Friday, October 26, 2007

Never Give Up Hope

No doubt in response to my recent Danny Arnold post, Sony/Columbia is going to release the second season of Barney Miller four years after the first (not very good) season came out.

The show was still finding itself in the second season -- including its various, never-quite-successful attempts to come up with a regular female character -- but it was a lot better than the first season, and it mostly abandoned the first season's attempts to focus on Barney's home life. Also the second season saw the arrival of the three writers who, along with Danny Arnold, would do the most to set the style of the series: Reinhold Weege (later created Night Court), Tom Reeder (prolific freelancer) and Tony Sheehan (executive-produced King of Queens and... er... Mr. Belvedere).

One problem the first season had was that it used a format Arnold clearly wasn't comfortable with, the videotaped studio-audience format that All in the Family had popularized. (The unsold pilot of Barney Miller was shot single-camera on film.) To succeed in that format you traditionally need hard jokes that can make a studio audience roar, and Barney Miller probably had fewer hard jokes than any sitcom ever: half the time the punchlines were barely even jokes at all, just wry little character-based lines. (Dietrich, who makes his first appearance this season in the first of the "Fish" backdoor pilots, was the king of this kind of line: he says things deadpan, leaving whoever he's talking with to wonder if he's joking or not.) The first season sometimes didn't know if it wanted to be Barney Miller or the kind of broader, louder show that a videotaped sitcom is expected to be. By the second season the staff was more comfortable doing their own kind of humor, though you can sometimes hear that the studio audience doesn't get it (which may be another reason why they ditched the audience a couple of years later).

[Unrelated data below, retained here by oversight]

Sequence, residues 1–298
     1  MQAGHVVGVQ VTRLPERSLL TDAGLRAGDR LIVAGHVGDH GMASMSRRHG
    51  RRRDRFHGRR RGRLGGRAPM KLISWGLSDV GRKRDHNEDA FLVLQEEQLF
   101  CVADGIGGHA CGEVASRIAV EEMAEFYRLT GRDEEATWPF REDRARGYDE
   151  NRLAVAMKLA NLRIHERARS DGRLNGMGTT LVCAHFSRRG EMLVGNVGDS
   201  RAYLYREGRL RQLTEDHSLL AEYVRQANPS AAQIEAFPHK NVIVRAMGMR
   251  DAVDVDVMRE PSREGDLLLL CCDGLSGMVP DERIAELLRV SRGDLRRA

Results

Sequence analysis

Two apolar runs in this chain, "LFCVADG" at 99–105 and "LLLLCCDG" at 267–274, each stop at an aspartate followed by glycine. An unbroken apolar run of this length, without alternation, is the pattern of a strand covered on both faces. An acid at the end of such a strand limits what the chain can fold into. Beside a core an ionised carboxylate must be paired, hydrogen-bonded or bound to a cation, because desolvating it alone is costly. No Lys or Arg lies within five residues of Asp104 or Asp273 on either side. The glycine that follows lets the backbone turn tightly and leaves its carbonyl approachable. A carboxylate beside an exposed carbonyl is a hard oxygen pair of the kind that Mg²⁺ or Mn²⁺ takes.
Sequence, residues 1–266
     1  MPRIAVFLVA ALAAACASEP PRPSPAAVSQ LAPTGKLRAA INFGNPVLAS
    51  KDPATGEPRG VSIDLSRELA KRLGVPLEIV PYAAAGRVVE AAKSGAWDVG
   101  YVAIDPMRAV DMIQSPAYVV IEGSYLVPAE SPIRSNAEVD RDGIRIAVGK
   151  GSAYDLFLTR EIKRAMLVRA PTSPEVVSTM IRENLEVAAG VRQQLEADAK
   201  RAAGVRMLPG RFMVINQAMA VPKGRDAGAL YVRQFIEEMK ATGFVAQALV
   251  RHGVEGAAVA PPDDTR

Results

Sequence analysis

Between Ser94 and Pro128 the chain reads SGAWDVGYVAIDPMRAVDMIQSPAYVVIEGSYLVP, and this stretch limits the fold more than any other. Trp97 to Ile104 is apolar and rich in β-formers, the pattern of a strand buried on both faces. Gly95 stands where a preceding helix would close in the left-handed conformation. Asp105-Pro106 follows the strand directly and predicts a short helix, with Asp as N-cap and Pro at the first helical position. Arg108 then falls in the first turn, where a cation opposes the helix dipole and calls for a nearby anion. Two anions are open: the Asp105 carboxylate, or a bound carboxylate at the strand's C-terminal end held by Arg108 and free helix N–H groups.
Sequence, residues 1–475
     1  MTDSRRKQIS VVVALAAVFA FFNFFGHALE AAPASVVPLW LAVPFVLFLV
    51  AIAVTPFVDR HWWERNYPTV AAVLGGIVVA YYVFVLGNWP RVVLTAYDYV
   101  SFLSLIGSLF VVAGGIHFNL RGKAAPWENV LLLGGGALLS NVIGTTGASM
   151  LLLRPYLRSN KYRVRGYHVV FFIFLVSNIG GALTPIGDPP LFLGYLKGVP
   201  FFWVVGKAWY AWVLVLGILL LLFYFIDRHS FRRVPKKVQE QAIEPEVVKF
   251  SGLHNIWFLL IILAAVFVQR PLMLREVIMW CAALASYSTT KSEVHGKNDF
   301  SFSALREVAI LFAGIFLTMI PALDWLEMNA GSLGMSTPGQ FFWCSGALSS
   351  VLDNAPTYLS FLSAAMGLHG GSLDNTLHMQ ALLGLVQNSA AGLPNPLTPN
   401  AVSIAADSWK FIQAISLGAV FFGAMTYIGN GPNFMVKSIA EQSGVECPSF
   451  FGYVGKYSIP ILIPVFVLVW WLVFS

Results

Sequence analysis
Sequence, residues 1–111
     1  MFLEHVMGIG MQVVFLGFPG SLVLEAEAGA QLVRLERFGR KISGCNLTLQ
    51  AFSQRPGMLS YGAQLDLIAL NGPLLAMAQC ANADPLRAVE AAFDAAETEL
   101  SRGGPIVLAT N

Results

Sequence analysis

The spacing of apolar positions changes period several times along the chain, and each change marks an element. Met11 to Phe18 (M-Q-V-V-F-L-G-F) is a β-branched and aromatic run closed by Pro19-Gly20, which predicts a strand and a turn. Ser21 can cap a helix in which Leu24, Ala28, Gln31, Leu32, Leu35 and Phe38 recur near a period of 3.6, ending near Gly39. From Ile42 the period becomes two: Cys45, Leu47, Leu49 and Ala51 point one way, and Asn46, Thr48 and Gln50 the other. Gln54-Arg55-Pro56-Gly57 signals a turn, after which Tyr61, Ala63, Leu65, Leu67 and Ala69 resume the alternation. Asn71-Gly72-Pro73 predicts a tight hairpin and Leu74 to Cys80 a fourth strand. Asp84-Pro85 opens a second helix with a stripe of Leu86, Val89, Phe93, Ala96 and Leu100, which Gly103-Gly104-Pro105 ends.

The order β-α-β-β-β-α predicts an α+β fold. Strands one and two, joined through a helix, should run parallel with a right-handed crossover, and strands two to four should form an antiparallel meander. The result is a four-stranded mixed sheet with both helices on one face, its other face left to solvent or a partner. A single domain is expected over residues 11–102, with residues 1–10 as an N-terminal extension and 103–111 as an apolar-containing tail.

Now, the question is, when will Sony to put out the third season? 2025?

2 comments:

Anthony Strand said...

Yeah, that's great news. I was one of those people who didn't get the first season because it isn't that good, and I've been feeling guilty all this time. I'll get season two for sure.

John said...

What's more amazing is Arnold was able to make "Barney Miller" more cerebral (for want of a better term) at the same time Fred Silverman was arriving at ABC and giving the network its first-ever No. 1 ranking by basically dumbing-down the prime-time line-up, both in the sitcom and drama shows (Arnold was able to survive Fred's penchant for spin-offs, when he decided Abe Vigoda's character could carry a series on his own, but other than that Silverman seems to have allowed Danny to run the show his way).